In many ways, John Kerry has lived the greatest foreign policy challenges of his generation. The son of a foreign service officer, he spent much of his childhood in divided Cold War Berlin, where boyish mischief for him was riding his bike into the Soviet sector. As a young man, recently graduated from Yale University, Kerry enlisted in the Navy and probed the rivers of Vietnam in enemy territory. As a 28-year-old, he gave dignified voice to misgivings about the Vietnam War, famously asking in testimony before the Senate Foreign Relations Committee in 1971, “How do you ask a man to be the last man to die for a mistake?”
Kerry has grappled with those questions of war and peace, confrontation and compromise, and occupation and abandonment ever since, perhaps most notably as a presidential nominee during some of the darkest days of the war in Iraq. Few in Washington share his depth and breadth of foreign experience. At age 69, he has spent nearly half his life — 27 years — on the Senate Foreign Relations Committee. He’ll be an able replacement for Secretary of State Hillary Clinton.
Kerry brings a long list of his own achievements. They include coaxing Vietnam to provide unprecedented access to files to determine the fate of Americans missing in action, negotiating an end to the impasse over the election results in Afghanistan, keeping the lines of dialogue open with key figures in Pakistan at a time of worsening relations, and successful shuttle diplomacy to prevent Sudan from sliding back into civil war.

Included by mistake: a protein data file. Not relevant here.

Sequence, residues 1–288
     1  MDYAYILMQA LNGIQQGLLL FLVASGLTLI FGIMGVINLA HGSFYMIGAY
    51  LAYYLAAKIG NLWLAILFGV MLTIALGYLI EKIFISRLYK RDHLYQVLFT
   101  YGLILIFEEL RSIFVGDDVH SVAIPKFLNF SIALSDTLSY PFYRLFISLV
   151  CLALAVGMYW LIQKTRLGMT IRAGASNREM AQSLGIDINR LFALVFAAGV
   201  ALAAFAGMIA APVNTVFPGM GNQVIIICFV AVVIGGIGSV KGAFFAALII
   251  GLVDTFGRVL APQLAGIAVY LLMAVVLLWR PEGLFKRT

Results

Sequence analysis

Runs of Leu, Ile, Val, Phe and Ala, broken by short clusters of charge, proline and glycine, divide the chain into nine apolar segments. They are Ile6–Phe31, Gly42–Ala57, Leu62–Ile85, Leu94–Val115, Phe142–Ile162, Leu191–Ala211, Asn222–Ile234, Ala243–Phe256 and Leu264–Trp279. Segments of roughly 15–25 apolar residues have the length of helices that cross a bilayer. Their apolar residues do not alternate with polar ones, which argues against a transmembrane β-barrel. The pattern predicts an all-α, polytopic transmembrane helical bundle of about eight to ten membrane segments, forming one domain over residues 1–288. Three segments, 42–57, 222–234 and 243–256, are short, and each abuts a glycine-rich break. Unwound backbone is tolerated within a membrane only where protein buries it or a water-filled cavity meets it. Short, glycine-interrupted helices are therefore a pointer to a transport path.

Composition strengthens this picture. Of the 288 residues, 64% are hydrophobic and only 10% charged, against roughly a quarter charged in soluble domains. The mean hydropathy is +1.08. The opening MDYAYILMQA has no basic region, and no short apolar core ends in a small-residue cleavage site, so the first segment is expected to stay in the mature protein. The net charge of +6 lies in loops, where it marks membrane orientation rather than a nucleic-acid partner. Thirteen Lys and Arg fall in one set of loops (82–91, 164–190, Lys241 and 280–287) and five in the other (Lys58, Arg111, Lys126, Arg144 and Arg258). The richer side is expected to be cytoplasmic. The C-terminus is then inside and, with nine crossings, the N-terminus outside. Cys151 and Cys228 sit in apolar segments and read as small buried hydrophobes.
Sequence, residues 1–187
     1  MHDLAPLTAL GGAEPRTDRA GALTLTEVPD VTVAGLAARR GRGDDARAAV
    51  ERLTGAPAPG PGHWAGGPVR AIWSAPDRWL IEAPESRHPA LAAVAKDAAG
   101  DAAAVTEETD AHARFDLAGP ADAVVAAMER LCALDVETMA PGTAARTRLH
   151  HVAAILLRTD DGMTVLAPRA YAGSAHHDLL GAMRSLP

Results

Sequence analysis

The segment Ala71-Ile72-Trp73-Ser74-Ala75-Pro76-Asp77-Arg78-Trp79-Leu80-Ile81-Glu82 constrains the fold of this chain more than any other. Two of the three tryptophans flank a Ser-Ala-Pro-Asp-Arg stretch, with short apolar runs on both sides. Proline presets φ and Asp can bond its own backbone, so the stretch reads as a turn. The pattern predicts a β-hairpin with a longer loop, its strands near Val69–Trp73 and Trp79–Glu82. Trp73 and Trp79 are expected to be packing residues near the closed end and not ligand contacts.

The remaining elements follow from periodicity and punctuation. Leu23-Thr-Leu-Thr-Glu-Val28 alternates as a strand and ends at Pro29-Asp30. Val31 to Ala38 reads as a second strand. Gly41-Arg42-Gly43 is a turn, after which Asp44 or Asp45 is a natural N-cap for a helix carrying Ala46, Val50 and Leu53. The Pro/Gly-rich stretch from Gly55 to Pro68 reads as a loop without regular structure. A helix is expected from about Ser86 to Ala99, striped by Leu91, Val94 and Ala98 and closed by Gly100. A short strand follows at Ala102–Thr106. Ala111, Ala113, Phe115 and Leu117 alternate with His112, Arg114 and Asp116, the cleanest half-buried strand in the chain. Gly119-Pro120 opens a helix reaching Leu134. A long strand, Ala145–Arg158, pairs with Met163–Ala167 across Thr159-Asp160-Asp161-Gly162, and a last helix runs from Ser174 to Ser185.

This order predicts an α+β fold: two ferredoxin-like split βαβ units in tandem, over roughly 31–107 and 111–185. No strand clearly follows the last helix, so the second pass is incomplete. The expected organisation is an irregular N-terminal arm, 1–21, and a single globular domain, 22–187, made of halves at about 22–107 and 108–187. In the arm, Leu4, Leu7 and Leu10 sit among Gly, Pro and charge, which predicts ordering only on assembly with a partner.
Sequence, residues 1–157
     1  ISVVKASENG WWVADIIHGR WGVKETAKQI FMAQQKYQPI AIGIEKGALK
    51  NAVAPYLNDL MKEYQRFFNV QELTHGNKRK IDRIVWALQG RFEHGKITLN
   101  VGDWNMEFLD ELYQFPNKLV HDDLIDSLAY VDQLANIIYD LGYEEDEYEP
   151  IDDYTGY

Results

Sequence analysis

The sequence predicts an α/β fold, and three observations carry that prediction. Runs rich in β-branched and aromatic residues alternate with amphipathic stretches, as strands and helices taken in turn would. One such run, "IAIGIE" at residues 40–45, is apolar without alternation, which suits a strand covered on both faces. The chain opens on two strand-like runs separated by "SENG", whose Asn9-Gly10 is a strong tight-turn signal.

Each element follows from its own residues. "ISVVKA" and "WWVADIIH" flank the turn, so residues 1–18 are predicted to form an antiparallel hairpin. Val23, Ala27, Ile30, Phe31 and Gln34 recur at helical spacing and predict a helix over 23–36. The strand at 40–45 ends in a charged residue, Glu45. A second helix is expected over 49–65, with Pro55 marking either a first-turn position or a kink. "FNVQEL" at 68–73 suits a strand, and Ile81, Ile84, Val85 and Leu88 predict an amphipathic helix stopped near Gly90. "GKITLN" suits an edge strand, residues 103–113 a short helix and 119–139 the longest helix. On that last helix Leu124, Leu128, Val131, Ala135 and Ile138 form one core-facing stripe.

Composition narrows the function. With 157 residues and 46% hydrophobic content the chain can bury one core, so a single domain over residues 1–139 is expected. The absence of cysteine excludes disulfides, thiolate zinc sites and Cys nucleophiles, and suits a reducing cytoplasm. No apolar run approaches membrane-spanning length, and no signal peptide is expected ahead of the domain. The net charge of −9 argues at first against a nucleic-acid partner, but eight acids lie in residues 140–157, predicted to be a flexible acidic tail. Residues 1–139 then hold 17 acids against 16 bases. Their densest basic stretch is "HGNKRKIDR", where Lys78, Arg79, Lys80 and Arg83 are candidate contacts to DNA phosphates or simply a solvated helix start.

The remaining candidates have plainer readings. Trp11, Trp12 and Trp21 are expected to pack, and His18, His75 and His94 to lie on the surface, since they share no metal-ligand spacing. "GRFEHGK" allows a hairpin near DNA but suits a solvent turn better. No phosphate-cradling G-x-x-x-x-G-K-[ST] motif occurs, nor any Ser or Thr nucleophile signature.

Kerry shares President Obama’s willingness to engage America’s enemies. He was the first senior American government official to meet with members of the Muslim Brotherhood in Egypt. Although his tendency towards dialogue has sparked some criticism — notably for his friendly dinners with Syrian President Bashar Assad before the current turmoil — US interests are better served by leaders who are willing to test the possibility of improved relations rather than those who are unwilling to think outside the status quo.
Kerry takes the helm of US foreign policy at an exceptionally challenging time, with conflicts in the Middle East and economic stresses in Europe and Asia. But his broad experience makes Kerry the right person for this job at this delicate moment.